Medicine and the media: Medical experts’ problems and solutions while working with journalists.

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  • Additional Information
    • Author-Supplied Keywords:
      Careers in research
      Communications
      Computer and information sciences
      Computer networks
      Health care
      Health care policy
      Internet
      Journalism
      Mass media
      Medical humanities
      Medical journals
      Medicine and health sciences
      People and places
      Population groupings
      Professions
      Research and analysis methods
      Research Article
      Research design
      Science and technology workforce
      Science policy
      Scientific publishing
      Scientists
      Social sciences
      Sociology
      Survey research
      Surveys
    • NAICS/Industry Codes:
      711510 Independent Artists, Writers, and Performers
      711512 Independent actors, comedians and performers
      711513 Independent writers and authors
    • Abstract:
      Medical experts are one of the main sources used by journalists in reporting on medical science. This study aims to 1) identify problems that medical experts encounter in contacts with the media representatives, 2) elucidate their attitudes about interactions with journalists and 3) reflect on solutions that could improve the quality of medical journalism. By using in-depth interviews, focus groups and a survey directed to 600 medical experts in 21 countries, this cohort study elucidates medical experts’ experiences and views on participating in popular media. A strong interest in interacting with the media was identified among the experts, where nearly one fifth of the respondents in the survey claimed that they contacted the media more than 10 times per year. Six obstacles for improving the quality of medical reporting in the media were found: deadlines, headlines, choice of topic or angle, journalist’s level of medical knowledge, differences in professional culture and colleagues’ opinions. The main concern among experts was that short deadlines and exaggerated headlines could harm journalistic quality. It is possible that this is partly due to ongoing changes in the media landscape with many new platforms and less control functions. Nevertheless, for several reasons many experts have great interest in interacting with the media, something that could contribute to better communication and fewer misunderstandings. Our results highlight factors like expert networks, media training for scientists and regular meetings that may facilitate communication between medical experts and medical reporters. [ABSTRACT FROM AUTHOR]
    • Abstract:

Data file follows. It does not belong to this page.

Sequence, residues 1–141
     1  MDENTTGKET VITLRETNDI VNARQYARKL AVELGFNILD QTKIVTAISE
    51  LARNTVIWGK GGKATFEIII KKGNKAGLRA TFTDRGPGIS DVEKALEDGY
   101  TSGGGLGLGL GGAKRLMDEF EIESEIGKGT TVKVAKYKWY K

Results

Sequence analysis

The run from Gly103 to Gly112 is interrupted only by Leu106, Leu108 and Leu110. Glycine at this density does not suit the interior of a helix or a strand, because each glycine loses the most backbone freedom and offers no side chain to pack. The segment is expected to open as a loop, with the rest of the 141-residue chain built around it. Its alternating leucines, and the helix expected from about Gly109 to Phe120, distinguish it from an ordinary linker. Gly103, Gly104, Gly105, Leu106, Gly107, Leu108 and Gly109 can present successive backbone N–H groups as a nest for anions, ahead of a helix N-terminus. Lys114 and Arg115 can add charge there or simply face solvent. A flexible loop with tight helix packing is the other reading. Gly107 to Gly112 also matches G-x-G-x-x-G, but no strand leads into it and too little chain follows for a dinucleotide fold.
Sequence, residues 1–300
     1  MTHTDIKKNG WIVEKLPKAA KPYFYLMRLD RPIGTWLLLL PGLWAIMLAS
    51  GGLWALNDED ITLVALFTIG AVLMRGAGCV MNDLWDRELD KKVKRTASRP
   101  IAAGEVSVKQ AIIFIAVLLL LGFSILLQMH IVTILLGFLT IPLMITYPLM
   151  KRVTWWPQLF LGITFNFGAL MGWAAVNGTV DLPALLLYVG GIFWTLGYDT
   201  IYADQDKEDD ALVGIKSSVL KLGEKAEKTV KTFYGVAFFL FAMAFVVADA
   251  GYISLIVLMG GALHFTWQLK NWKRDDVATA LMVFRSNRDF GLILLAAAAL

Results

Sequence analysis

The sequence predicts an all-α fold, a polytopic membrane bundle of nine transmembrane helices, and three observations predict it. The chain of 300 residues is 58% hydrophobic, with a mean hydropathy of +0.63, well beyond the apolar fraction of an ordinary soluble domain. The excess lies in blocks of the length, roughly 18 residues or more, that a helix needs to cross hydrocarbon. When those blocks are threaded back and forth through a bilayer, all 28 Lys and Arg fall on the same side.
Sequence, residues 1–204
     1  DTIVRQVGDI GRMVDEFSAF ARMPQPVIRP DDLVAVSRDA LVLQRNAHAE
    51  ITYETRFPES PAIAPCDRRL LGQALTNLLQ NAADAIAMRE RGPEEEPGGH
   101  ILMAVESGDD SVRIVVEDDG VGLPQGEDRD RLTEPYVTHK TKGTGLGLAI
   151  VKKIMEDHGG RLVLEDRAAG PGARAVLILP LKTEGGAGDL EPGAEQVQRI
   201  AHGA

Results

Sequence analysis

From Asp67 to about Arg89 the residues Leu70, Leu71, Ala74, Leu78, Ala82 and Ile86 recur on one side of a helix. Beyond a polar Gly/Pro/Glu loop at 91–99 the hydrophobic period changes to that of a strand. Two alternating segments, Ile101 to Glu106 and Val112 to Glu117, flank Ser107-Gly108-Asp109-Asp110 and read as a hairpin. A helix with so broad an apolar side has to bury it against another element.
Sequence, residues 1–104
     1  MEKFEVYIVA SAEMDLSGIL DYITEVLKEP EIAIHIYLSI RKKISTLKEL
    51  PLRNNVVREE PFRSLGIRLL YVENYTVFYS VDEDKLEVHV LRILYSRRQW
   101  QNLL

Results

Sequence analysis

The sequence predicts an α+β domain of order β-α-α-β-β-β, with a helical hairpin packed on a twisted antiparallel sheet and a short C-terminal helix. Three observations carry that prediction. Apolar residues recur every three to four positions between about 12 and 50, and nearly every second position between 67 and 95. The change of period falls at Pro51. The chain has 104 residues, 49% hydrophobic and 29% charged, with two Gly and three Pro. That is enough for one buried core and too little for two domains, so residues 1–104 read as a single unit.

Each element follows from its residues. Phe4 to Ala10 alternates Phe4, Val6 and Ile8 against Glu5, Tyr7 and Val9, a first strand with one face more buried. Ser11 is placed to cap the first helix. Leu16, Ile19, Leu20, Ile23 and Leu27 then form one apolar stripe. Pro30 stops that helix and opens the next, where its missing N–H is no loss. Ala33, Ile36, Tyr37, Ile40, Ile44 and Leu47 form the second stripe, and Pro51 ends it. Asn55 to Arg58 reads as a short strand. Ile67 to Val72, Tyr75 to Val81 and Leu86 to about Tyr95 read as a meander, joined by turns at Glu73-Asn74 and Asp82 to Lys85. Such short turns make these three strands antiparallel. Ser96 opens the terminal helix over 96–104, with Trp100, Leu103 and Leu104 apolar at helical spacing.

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    • Author Affiliations:
      1Karolinska Institutet, Department of Clinical Science, Danderyd University Hospital, Danderyd, Sweden
      2KTH Royal Institute of Technology, Science for Life Laboratory, Solna, Sweden
      3Department of Physiology and Pharmacology, Karolinska Institutet, Stockholm, Sweden
      4Department of Learning, Informatics, Management and Ethics, Karolinska Institutet, Stockholm, Sweden
    • Full Text Word Count:
      5312
    • ISSN:
      1932-6203
    • Accession Number:
      10.1371/journal.pone.0220897
    • Accession Number:
      138582111
  • Citations
    • ABNT:
      LARSSON, A. et al. Medicine and the media: Medical experts’ problems and solutions while working with journalists. PLoS ONE, [s. l.], v. 14, n. 9, p. 1–12, 2019. Disponível em: . Acesso em: 16 out. 2019.
    • AMA:
      Larsson A, Appel S, Sundberg CJ, Rosenqvist M. Medicine and the media: Medical experts’ problems and solutions while working with journalists. PLoS ONE. 2019;14(9):1-12. doi:10.1371/journal.pone.0220897.
    • APA:
      Larsson, A., Appel, S., Sundberg, C. J., & Rosenqvist, M. (2019). Medicine and the media: Medical experts’ problems and solutions while working with journalists. PLoS ONE, 14(9), 1–12. https://doi.org/10.1371/journal.pone.0220897
    • Chicago/Turabian: Author-Date:
      Larsson, Anna, Susanna Appel, Carl Johan Sundberg, and Mårten Rosenqvist. 2019. “Medicine and the Media: Medical Experts’ Problems and Solutions While Working with Journalists.” PLoS ONE 14 (9): 1–12. doi:10.1371/journal.pone.0220897.
    • Harvard:
      Larsson, A. et al. (2019) ‘Medicine and the media: Medical experts’ problems and solutions while working with journalists’, PLoS ONE, 14(9), pp. 1–12. doi: 10.1371/journal.pone.0220897.
    • Harvard: Australian:
      Larsson, A, Appel, S, Sundberg, CJ & Rosenqvist, M 2019, ‘Medicine and the media: Medical experts’ problems and solutions while working with journalists’, PLoS ONE, vol. 14, no. 9, pp. 1–12, viewed 16 October 2019, .
    • MLA:
      Larsson, Anna, et al. “Medicine and the Media: Medical Experts’ Problems and Solutions While Working with Journalists.” PLoS ONE, vol. 14, no. 9, Sept. 2019, pp. 1–12. EBSCOhost, doi:10.1371/journal.pone.0220897.
    • Chicago/Turabian: Humanities:
      Larsson, Anna, Susanna Appel, Carl Johan Sundberg, and Mårten Rosenqvist. “Medicine and the Media: Medical Experts’ Problems and Solutions While Working with Journalists.” PLoS ONE 14, no. 9 (September 12, 2019): 1–12. doi:10.1371/journal.pone.0220897.
    • Vancouver/ICMJE:
      Larsson A, Appel S, Sundberg CJ, Rosenqvist M. Medicine and the media: Medical experts’ problems and solutions while working with journalists. PLoS ONE [Internet]. 2019 Sep 12 [cited 2019 Oct 16];14(9):1–12. Available from: http://search.ebscohost.com/login.aspx?direct=true&site=eds-live&db=asn&AN=138582111&custid=s8280428